Primary percutaneous coronary intervention for ST elevation myocardial infarction (STEMI) is beneficial if performed in a timely manner. Self-transport patients with STEMI have prolonged treatment times compared with Emergency Medical Services-transported patients. This study evaluated self-transport patients with STEMI undergoing primary percutaneous coronary intervention to identify factors associated with prolonged door-to-balloon (D2B) times. From January 2007 to March 2011, data for 13,379 self-transport patients with STEMI treated at 432 hospitals in the Acute Coronary Treatment Intervention Outcomes Network Registry-Get With The Guidelines Registry were evaluated. Patients with a D2B time >90 minutes were compared with those with D2B time ≤90 minutes. Factors associated with prolonged D2B (>90 minutes) were explored using logistic generalized estimating equations. The median (twenty-fifth, seventy-fifth percentiles) D2B time for the entire cohort was 72 minutes (58, 86), and 19% had a D2B time of >90 minutes. Over the study period, there was a significant increase in the percentage of patients achieving D2B time ≤90 minutes. There were significant baseline differences between patients with D2B time ≤ versus >90 minutes. The main factors associated with prolonged treatment time were off-hour presentation (weekends and 7 p.m. to 7 a.m. weekdays), not obtaining an electrocardiogram within 10 minutes of hospital arrival, previous coronary artery bypass surgery, black race, older age, and female gender. In conclusion, although prolonged delay from arrival to electrocardiographic acquisition is a modifiable factor contributing to prolonged D2B times among self-transport patients with STEMI, additional factors (age, race, and gender) indicate that historic disparities for cardiovascular care still persist in terms of contemporary metrics for STEMI reperfusion.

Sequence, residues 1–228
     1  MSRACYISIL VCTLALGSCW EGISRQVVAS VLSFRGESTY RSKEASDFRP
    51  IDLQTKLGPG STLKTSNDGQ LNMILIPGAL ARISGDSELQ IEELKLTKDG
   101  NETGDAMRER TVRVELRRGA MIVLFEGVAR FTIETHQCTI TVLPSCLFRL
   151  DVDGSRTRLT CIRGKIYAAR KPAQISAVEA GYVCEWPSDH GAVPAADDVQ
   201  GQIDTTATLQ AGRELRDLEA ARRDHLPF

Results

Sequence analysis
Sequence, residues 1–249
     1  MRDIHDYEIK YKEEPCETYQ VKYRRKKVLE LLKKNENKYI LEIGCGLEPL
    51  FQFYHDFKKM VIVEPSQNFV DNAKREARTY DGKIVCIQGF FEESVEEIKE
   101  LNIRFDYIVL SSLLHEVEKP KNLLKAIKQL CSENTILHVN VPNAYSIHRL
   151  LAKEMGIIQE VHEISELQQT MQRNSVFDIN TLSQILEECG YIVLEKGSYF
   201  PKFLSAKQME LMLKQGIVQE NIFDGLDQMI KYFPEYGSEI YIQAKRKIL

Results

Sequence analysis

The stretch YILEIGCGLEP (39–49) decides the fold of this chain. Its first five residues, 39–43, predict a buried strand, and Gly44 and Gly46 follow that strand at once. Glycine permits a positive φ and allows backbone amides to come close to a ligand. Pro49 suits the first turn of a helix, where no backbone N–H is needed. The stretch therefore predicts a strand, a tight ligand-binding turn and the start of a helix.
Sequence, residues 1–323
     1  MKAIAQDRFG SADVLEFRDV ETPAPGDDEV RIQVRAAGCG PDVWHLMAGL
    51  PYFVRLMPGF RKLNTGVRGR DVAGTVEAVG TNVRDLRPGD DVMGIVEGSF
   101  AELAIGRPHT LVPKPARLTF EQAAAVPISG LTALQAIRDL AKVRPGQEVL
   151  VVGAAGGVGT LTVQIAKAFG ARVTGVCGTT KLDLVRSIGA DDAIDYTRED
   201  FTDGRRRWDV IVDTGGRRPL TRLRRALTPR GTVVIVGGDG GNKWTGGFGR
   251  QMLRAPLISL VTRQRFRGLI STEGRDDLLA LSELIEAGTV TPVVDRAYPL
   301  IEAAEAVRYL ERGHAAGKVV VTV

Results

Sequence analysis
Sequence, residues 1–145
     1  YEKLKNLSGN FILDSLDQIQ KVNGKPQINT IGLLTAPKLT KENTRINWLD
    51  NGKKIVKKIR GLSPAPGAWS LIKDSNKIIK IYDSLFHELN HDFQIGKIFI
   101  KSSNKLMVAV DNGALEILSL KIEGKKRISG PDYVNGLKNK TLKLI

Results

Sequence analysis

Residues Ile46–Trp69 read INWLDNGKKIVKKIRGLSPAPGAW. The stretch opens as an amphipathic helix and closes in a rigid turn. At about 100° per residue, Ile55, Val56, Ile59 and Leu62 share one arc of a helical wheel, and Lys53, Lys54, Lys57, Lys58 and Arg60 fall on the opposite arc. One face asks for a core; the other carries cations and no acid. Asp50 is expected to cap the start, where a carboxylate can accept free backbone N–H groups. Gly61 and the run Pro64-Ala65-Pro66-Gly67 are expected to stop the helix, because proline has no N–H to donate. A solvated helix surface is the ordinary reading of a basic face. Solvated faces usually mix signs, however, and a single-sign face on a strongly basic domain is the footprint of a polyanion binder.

ASJC Scopus subject areas
- Cardiology and Cardiovascular Medicine